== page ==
As the Father of two teenage sons, I am recently reminded of the difficult maturation process we all struggle through in our youth. Of course, there are defining moments in life that mark a person’s maturity that often have nothing to do with our age: marriage, buying a house, parenthood, retirement. These moments separate distinct phases. I’m coming up quickly on one myself, the empty nest. I still have a couple of years to go, but I can already tell that it will become one of those defining moments when I send them both off to wherever their newly adult lives will lead them.
It may seem like a stretch, but I believe this pattern holds true for many business processes as well. It’s why I wrote a white paper about the structured content maturity model. I wanted to document the pattern of maturity I have witnessed with several of our customers over the years. Like life, these phases don’t always happen in exactly the same order every time, but generally speaking, they do follow a basic flow. The paper describes them in detail, but here’s a quick synopsis for you.
Phase One (Aware): Houston, we have a problem
Every transition begins with the realization that change must happen. Hopefully this blog article, or the whitepaper I’m talking about here will begin that process for you and your organization. And while I wouldn’t exactly equate bad content with an addiction, their solutions do share the same first step: admitting you have a problem. Unstructured content cannot scale to meet the modern demands of contextualization, findability, and omnichannel presence. I know it sounds dramatic, but structure is the only answer.
Phase Two (Structured): Embracing the freedom of limitations
So, I have to admit, I’m a word nerd. I’ve consistently read and written poems since grade school. Early on I developed a love for poetic forms (e.g. sonnets, sestinas, cinquains). I found that the limitations of the form actually drove me to be more creative and more selective with my word choices. The same is true for writing structured content, yet many writers struggle with this initially. Yet once you embrace structure you gain the freedom of easy content re-use, automated publishing, and omnichannel deliverables.
Phase Three (Collaborative): We’re in this boat together
A lot of people like to talk about the problem with siloed departments. And it’s true, silos do get in the way of creating good content. Too often the stakeholders needed to author a useful, relevant, and engaging document are scattered across the organization in different departments. The reality though is that this will never change. The business organization exists for reasons that are far more important than content creation. That said, we don’t have to let these silos get in our way. With the right technology and process in place, true cross-department collaboration is possible.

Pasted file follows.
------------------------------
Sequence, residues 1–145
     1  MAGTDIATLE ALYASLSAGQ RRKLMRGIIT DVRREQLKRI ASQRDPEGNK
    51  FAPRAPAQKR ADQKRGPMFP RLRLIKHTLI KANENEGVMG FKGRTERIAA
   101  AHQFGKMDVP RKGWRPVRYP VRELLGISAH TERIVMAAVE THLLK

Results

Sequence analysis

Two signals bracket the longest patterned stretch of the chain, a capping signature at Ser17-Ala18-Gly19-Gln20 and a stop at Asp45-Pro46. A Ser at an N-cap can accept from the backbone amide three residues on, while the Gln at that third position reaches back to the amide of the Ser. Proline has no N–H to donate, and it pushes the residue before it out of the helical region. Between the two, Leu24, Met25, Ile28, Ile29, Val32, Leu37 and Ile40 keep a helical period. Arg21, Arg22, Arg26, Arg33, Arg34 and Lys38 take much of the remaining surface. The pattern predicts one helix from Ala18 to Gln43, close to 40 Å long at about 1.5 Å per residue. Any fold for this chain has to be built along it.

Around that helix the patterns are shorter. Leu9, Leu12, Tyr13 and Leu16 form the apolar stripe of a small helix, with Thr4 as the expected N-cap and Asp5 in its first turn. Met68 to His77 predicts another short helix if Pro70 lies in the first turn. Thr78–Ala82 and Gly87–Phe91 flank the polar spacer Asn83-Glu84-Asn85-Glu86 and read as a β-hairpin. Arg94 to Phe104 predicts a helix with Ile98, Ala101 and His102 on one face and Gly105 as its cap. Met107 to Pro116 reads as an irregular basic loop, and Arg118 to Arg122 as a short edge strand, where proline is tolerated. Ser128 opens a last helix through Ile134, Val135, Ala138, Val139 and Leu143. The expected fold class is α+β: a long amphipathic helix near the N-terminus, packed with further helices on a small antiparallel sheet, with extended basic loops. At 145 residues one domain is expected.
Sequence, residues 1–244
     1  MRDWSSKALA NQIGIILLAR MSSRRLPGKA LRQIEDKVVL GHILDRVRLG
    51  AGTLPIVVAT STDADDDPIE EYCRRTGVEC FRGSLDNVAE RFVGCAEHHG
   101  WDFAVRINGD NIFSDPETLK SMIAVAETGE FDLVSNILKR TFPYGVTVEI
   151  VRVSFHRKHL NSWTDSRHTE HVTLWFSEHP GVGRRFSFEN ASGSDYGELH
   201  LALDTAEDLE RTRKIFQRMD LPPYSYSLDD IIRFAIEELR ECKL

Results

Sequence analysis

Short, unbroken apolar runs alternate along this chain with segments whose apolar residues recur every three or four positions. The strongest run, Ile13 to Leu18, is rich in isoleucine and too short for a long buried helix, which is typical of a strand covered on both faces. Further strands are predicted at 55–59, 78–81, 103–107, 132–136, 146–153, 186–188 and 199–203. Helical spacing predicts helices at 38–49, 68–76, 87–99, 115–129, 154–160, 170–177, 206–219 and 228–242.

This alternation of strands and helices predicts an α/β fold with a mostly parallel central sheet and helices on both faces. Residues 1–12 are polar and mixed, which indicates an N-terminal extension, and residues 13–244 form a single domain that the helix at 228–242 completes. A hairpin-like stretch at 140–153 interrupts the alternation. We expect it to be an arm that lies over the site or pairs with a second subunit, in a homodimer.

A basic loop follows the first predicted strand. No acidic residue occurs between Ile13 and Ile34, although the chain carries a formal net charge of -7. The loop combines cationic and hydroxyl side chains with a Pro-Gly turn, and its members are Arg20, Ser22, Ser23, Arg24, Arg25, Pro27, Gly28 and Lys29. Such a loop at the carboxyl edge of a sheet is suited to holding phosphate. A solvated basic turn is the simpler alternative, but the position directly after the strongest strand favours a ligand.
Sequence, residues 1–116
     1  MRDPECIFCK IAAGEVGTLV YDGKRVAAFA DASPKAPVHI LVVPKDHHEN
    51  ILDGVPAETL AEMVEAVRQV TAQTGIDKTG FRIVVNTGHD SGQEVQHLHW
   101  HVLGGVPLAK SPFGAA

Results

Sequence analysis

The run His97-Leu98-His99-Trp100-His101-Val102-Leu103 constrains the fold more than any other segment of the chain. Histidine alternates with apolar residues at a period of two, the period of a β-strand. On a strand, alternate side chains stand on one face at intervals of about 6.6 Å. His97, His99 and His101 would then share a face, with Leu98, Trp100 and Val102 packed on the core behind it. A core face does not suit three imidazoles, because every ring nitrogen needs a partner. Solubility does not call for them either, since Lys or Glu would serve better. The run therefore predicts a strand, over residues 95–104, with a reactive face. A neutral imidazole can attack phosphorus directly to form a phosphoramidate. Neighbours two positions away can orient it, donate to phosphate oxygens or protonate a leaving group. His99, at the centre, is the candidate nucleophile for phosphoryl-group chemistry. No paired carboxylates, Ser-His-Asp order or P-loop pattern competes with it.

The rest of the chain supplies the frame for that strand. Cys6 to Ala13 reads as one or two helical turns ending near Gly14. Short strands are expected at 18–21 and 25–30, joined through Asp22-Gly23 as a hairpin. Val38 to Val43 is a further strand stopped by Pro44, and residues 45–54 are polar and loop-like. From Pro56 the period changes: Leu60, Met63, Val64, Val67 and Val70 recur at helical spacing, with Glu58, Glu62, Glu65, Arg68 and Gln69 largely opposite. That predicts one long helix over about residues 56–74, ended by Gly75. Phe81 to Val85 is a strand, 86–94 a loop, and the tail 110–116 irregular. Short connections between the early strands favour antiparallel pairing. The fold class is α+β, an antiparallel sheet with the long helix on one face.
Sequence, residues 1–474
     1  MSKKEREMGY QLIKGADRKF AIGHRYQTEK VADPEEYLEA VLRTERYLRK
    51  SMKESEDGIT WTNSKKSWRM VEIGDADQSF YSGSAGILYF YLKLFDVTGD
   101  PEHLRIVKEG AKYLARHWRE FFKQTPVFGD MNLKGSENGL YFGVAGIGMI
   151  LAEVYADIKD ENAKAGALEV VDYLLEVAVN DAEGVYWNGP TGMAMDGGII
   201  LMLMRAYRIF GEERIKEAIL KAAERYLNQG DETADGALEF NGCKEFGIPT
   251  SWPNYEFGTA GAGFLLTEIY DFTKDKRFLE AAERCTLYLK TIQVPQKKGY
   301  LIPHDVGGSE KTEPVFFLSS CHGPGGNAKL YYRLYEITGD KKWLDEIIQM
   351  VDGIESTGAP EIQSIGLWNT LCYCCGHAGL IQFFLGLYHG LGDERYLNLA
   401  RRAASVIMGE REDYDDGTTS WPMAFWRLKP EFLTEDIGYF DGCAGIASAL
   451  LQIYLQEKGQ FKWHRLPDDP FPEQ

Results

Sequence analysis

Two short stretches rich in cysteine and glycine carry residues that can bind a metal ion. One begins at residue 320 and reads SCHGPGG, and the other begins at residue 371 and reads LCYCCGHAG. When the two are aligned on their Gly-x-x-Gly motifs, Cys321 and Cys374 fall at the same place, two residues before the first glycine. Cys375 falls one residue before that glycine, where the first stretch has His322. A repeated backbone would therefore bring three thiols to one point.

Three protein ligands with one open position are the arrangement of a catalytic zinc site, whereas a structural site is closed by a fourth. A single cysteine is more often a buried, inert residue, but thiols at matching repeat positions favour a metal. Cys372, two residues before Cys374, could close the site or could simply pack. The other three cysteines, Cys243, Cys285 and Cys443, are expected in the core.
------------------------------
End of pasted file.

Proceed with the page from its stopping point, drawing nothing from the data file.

Phase Four (Transformative): Emerge from the chrysalis
Admittedly, this phase sounds like something you’d see in a self-help book, but I promise you it’s a fair label for what happens once an organization has reached this level of maturity with their content. This is where you start to reap the customer experience rewards of your labors. You’re creating consistent, high quality reusable content throughout the organization. Departments are collaborating easily and effectively with each other. You’re delivering that content across all channels to any device, in any language. Basically, you’re content has transformed from the fuzzy caterpillar to the beautiful butterfly.
Phase Five (Engaging): Engage!
I love Star Trek. I’m a fan of the original series and The Next Generation. So of course I was sad when I learned of Leonard Nimoy’s passing (#LLAP). But because I’m a Trekkie, I also can’t help but think of Captain Picard for this final phase of structured content maturity. This is what it’s all about, exploring new worlds and seeking out new life…
No, wait. I mean engaging your customers directly with structured content by personalizing and contextualizing output so that it is essentially customized to each reader’s preferences. I mean grabbing their attention with riveting multimedia that’s directly integrated into the rest of your content. I mean publishing your content to social media channels for the under-30 crowd. Marketing departments have been doing this manually for years, and recently in more automated ways. It’s time for everyone else to catch up. Customer engagement is the end goal and every customer-facing piece of content should contribute. So in the spirit of Star Trek, boldly go forth… and engage!
Let me know how this maturity model works for you, where do you see yourself fit into the stages?
Seedling image: CIFOR